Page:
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This article was published 16/5/2014 (1046 days ago), so information in it may no longer be current.
DEAR MISS LONELYHEARTS: I'm deeply in love with a man of colour. I have no problem, but he has a problem with my colour. He says the women of his community will never accept me, and that includes his mother, who still lives back home. He said it's OK for him to have a girlfriend from the white community, as that is considered part of growing up, but when it's time to settle down, the wife must be of his same background and religion. This weekend I asked him bluntly if he would ever marry me, and he said sadly, "No, I can't. I would never upset my family that way." I was shocked. Do you think this means he doesn't love me and he's just making excuses? He says he does love me. -- Sunshine Fading, Winnipeg
Dear Fading: Love is not a trump card, as it is in so much of North American society. There are cultures where family, respect and tradition run much deeper than personal feelings of love and passion. When it comes to marrying, you're almost forming a business company -- a joining of two families, and hopefully, similar backgrounds, religious belief and financial status.
This man told you the blunt truth: marriage is just not going to happen for you two. Whether he is using his background and family as an excuse because he doesn't care that deeply, or whether he does, but is staying true to his family's desires, you might never know. What you do know is the answer is a definite no, and that should be enough to turn you away now.
Dear Miss Lonelyhearts: I'm feeling all confused. I have this boyfriend and we're both incarcerated. I've been in the community twice with him and talked to him for the past three years. I want to settle and help myself. He does his own thing with his friends, acting like he ain't with anyone.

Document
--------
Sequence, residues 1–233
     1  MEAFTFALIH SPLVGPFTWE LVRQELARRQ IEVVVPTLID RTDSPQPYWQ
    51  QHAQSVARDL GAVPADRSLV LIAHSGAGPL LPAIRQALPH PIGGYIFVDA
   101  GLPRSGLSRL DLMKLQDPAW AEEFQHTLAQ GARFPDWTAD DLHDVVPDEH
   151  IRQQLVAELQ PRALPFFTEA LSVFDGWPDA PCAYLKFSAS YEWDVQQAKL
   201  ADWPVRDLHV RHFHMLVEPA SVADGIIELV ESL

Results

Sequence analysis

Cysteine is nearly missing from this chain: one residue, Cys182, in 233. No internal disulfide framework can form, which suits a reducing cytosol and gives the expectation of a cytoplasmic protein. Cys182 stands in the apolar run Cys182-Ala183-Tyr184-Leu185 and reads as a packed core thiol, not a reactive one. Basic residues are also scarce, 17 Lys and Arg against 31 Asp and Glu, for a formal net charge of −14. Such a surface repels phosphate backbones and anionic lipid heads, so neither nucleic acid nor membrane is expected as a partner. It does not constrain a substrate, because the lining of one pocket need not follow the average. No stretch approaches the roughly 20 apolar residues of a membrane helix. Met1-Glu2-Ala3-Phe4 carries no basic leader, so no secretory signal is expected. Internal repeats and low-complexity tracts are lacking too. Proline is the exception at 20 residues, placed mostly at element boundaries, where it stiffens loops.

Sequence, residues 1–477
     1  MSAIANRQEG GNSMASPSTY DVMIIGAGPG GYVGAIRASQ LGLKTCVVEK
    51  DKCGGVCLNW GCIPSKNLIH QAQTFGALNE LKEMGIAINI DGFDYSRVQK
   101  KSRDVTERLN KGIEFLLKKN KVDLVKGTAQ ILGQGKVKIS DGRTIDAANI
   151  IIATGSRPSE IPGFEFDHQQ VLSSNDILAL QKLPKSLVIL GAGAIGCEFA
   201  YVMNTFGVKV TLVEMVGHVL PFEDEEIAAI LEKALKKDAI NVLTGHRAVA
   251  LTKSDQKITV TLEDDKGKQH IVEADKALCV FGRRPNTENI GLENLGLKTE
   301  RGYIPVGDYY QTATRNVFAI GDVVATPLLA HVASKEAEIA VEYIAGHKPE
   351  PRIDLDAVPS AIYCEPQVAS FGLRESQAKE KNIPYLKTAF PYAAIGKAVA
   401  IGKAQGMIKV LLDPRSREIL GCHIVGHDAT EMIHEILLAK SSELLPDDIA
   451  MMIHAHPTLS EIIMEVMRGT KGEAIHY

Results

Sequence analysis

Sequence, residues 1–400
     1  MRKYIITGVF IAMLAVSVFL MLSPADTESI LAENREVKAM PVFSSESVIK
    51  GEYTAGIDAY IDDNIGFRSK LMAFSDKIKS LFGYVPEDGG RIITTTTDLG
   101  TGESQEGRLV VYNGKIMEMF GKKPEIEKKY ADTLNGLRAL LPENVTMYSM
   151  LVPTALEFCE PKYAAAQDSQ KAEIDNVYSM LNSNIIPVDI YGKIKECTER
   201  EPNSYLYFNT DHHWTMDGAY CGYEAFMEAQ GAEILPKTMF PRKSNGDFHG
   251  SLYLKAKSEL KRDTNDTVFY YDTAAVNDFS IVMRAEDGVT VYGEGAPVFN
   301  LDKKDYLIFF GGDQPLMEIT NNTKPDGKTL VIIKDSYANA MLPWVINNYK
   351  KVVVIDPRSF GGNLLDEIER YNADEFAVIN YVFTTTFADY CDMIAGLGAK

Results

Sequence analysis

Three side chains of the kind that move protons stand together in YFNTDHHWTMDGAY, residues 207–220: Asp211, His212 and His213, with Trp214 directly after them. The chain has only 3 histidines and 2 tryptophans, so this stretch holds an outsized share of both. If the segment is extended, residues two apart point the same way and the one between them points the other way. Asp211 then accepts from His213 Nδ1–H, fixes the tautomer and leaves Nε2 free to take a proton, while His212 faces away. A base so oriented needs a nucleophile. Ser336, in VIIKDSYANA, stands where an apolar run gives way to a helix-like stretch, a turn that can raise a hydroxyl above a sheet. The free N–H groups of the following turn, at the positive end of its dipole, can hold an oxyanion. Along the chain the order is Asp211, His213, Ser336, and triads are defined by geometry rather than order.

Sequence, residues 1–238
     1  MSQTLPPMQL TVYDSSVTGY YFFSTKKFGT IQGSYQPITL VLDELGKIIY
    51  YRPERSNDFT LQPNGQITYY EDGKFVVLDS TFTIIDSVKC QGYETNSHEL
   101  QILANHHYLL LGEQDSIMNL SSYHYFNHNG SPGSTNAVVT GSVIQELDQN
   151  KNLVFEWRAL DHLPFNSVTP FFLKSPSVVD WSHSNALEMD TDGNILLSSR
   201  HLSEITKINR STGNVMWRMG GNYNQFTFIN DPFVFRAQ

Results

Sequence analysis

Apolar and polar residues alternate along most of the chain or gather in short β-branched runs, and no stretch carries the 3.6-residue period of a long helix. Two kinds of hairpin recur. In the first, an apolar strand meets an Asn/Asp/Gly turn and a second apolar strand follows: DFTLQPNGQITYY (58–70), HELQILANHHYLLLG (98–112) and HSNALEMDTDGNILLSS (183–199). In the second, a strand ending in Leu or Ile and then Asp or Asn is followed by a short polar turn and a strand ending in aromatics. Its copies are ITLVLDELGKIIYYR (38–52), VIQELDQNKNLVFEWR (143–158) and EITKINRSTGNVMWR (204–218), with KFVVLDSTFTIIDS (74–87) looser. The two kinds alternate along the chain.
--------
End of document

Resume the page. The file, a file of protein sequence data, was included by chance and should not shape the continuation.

I feel like he doesn't share the same feelings that I have. I became pregnant last year and was due in December, but miscarried. That baby was gonna be his first and this has brought deep depression on me. We talked about having a family together and he wanted 15 (yes, that is correct) kids with me and I would love to more than anything, but I need him there for me physically and mentally.
My friends don't see him like I do. They're telling me to leave him alone, that he's too much into the street life, but I don't want to give up what we've created together. He makes me feel so good, we make each other laugh and no topic is unbearable. I'm not shy around him -- he is like my other half. Obviously, I'm into bad boys. He doesn't know I want to be done with street life and want to settle down, but jail has become a routine for us both and it's not healthy. What do you think I should do? -- Jailhouse Love, Manitoba
Dear Jailhouse Love: Because your love life can be frozen in time once you go to jail, it's hard to progress and to work things out one way or the other. You say how much you love your bad boy, and you also say he doesn't ever stop acting single.
Let's talk about how you know if a man is in love with you. You look at his actions, not his words and jokes, or his cute personality and performance in bed. Is he prowling the bars with buddies and hitting on other women when he's got time on the outside? Is he making any plans for the two of you when you get out? Does he have any intention of going straight so you can be a couple together? These are the things you have to think about -- his real actions.
So, here's a plan that doesn't depend on his behaviour. Use your thinking time in jail to research an educational course you can take to give you skills for when you get out. Can you start taking a course in jail? Can you find government support for a course you want to take when you're released? If you come out of that jail with no plan for yourself except to hitch back onto this unstable guy, you're likely to go back to jail again.
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